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Joseph Henry Blackburne vs Emanuel Lasker
London (1899), London ENG, rd 16, Jun-20
Colle System (D05)  ·  0-1



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Kibitzer's Corner
Oct-10-03  ughaibu: This game is annotated here as an example of Lasker's hypermodern approach.
Premium Chessgames Member
  keypusher: 27....e4 is a nice finesse: 28. Nxb6 Rxc1! 29. Rxc1 exd3 30. Nxd7 e2 wins.
Premium Chessgames Member
  keypusher: Presumably Blackburne resigned because of 43. Rc1 Nf2+ 44. Kg1 Nh3+ 45. Kh1 Qf2.
Premium Chessgames Member
  keypusher: Another example of an early quasi-minority attack around moves 18-21, though as usual with Lasker there are a lot of other things going on as well.
Aug-12-11  xombie: It is also a hedgehog formation. Fancy that!
Mar-03-15  CountryGirl: This is a highly instructive game; it seems quite modern as the middlegame progresses.
Apr-08-16  Helios727: What happens if white played 28. Rxe4 ?
Premium Chessgames Member
  keypusher: <helios727 What happens if 28.Rxe4?>

28....Rxe4 29.Qxe4 Nf6 and ...d6-d5.

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  keypusher: <keypusher: Presumably Blackburne resigned because of 43. Rc1 Nf2+ 44. Kg1 Nh3+ 45. Kh1 Qf2.>

There are lots of ways to win, but the computer finds a nice one: 43.Rc1 Ng3+ 44.Kg1 f3.

Premium Chessgames Member
  KEG: Going into this 16th round game, Lasker and Blackburne were both on a hot streak. Each had won his last three games running, and each had scored 4.5 out of his last 5. During this stretch, Lasker had defeated Janowski and Tchigorin and Blackburne had bested Pillsbury and Steinitz. Add to this the fact that Lasker had moved into sole possession of first place and that Blackburne had defeated Lasker in Round 4 (Lasker's only loss in this tournament) and there is no doubt that this was a heavyweight tussle. The game itself did not disappoint. Indeed, much of the criticism of Blackburne's play is misguided, and he in fact held his own and was very much in the game until his 26th move.

Blackburne has been faulted by the Tournament Book, by Marco in his analysis of the game, and by Reinfeld/Fine in their book on Lasker for his 16. Bh4. While the recommended 16. BxN was perhaps best, Blackburne's actual move was fine and maintained the pressure. If I were forced to criticize Blackburne's play at this stage of the game, I would focus on 17. Rad1 or 18. Bg3 rather than playing a4 on one or the other of these moves to stop Lasker's intended minority attack with 18...b5.

Lasker's 18th move is indeed a thing of beauty, and--as Reinfeld/Fine have noted--adumbrates hypermodern principles of fixing pawns and (as keypusher has noted) making effective use of a minority attack.

But Blackburne was no mere foil for Lasker's subtle positional play here, and constantly posed dangerous tactical problems for Lasker to solve. For example, Blackburne's 22. h4--roundly condemned by all of the commentators cited above--was not bad and was in fact better than the proposed 22. f4. The only even arguably better move for Blackburne would have been 22. Qf3.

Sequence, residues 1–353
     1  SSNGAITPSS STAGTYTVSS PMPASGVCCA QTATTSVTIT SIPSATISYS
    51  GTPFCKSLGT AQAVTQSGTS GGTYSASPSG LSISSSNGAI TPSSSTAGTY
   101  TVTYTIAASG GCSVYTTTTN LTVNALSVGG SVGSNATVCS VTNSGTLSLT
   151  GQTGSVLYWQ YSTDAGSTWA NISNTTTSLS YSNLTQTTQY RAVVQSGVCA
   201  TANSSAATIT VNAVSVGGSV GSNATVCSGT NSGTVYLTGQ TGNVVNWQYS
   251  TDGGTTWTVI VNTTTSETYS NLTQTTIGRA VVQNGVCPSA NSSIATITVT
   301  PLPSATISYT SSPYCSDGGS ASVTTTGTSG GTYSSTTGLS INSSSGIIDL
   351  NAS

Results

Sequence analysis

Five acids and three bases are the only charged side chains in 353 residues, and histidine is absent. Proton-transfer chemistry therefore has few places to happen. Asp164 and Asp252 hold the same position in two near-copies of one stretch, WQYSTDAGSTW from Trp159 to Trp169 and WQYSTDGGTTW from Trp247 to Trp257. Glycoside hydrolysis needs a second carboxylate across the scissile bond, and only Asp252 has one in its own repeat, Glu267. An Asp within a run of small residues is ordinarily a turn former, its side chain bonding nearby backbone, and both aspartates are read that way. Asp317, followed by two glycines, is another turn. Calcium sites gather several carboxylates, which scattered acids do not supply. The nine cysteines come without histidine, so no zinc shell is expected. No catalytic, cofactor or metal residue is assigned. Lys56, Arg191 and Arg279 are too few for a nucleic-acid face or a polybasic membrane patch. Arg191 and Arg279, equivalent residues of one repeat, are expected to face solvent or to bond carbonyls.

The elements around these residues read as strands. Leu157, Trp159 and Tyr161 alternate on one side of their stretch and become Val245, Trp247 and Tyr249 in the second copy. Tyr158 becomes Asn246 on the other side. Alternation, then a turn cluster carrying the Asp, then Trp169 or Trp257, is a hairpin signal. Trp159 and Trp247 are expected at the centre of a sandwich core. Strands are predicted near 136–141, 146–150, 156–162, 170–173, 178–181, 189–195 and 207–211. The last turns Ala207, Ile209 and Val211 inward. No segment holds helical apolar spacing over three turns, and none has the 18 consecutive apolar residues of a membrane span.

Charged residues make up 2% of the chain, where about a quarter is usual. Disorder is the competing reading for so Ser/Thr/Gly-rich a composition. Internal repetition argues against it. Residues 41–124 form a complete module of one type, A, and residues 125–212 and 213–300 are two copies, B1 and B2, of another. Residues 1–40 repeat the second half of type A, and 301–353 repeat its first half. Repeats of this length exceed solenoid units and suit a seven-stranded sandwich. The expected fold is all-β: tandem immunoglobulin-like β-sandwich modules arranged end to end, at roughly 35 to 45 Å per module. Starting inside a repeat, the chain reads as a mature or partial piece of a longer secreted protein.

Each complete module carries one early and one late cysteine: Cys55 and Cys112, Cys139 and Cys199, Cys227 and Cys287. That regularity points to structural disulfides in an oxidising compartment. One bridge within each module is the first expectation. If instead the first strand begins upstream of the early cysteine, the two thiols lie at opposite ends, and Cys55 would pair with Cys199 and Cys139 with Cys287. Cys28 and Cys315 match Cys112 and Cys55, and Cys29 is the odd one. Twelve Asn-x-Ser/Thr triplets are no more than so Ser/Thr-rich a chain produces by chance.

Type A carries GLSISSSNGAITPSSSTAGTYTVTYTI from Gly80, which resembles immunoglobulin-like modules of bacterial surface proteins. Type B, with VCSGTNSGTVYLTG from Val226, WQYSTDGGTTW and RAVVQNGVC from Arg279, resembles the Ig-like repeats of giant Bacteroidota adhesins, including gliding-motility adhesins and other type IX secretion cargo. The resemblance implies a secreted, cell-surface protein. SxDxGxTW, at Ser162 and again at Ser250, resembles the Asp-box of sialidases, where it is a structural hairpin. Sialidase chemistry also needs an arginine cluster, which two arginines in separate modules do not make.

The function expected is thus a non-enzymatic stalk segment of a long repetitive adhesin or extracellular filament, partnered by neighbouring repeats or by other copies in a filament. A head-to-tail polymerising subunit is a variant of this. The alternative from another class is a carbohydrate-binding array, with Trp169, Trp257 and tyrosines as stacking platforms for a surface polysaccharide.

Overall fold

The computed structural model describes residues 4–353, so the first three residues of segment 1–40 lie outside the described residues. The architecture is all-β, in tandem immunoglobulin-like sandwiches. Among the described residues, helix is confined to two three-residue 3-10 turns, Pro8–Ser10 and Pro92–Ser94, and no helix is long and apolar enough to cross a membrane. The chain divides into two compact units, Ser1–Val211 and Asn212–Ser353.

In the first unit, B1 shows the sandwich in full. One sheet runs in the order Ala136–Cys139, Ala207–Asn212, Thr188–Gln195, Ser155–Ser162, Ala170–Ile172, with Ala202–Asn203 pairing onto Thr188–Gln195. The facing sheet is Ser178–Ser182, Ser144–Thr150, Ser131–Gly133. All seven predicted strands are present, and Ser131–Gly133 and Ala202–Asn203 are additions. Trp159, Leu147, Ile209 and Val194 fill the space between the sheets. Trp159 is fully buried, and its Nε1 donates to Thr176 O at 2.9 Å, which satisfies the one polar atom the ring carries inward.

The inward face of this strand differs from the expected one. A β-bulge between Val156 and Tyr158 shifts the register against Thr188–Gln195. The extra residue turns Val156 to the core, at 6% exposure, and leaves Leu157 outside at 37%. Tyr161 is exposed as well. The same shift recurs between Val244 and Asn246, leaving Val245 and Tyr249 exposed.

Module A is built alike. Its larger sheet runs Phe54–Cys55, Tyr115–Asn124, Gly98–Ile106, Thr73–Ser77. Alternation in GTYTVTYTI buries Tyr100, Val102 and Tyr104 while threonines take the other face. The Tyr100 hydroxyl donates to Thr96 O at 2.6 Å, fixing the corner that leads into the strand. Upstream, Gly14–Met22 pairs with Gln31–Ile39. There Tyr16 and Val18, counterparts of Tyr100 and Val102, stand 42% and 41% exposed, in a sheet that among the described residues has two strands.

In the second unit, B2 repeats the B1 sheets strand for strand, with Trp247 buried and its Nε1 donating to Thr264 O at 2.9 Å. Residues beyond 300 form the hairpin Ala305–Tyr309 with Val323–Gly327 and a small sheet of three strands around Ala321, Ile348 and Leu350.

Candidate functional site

These same commentators all suggest that Blackburne was in effect a piece down after 23. Bh2 and that he had buried his Bishop. They also laud Lasker's 25...e5 as completely paralyzing Blackburne's position. But Blackburne could have solved most of his problems with 26. Rcd1 instead of 26. c4? Indeed, 26. c4 was the losing move.

All credit to Lasker for his positional masterpiece. But let's also credit Blackburne for offering stubborn resistance until his unfortunate mistake on move 26.

Lasker has also been showered with praise for his excellent 27... e4. While this was a crushing advance, the alternative 27...Qc6 would have been just about as convincing, contrary to the analysis by Marco and Reinfeld/Fine. After 27...Qc6 28. NxN QxR 29. Qf1 would not (these revered commentators notwithstanding) have saved Blackburne after 29...Qxb2.

helios has asked what would have happened had Blackburne played 28. Rxe4. keypusher is certainly correct that Black could then have prevailed with 28...RxR 29. QxR Nf6, but 29...Qe7 would have been even more decisive.

Lasker's time-saving 29...Rb8 (I love this move!) seemingly wrapped up the victory, but Lasker's 30...Kh8 (praised to the hilt by Reinfeld/Fine) was in fact Lasker's only serious mistake in the game (that I can find). This gave Blackburne the chance for 31. Qc4, a possibility missed by all the commentators.

After 31. Rec1 Qg4, the game was effectively over. But the wily Blackburne had one more trick up his sleeve with 37. d5, creating a surprise pin of Lasker's Rook and causing Lasker to play 37...g6 allowing some scary looking Rook checks. But Lasker was definitely up to the task of extracating himself from the bind in which Blackburne sought to entangle him.

I agree with the commentators that Lasker's 38...Kh8 was clever, since it avoided Qxg6+ had Lasker moved his Rook, but in fact 38...Kg8 would have won just as easily (If 39. Rc1 f6!), the commentators once again notwithstanding.

Blackburne's resignation after Lasker's 42...Kf6 was fully warranted since he now faced an unavoidable mate in 5. This site gives an incorrect 40th move for Lasker, who played 40...Ng4 and not 40...Ne4. Thus, after 42...Kf6 Blackburne could only have delayed immediate checkmate by useless checks or by giving up his Queen with 43. Qg1 Nf2+

All in all, a game worthy of fine contestants who waged this fascinating battle.

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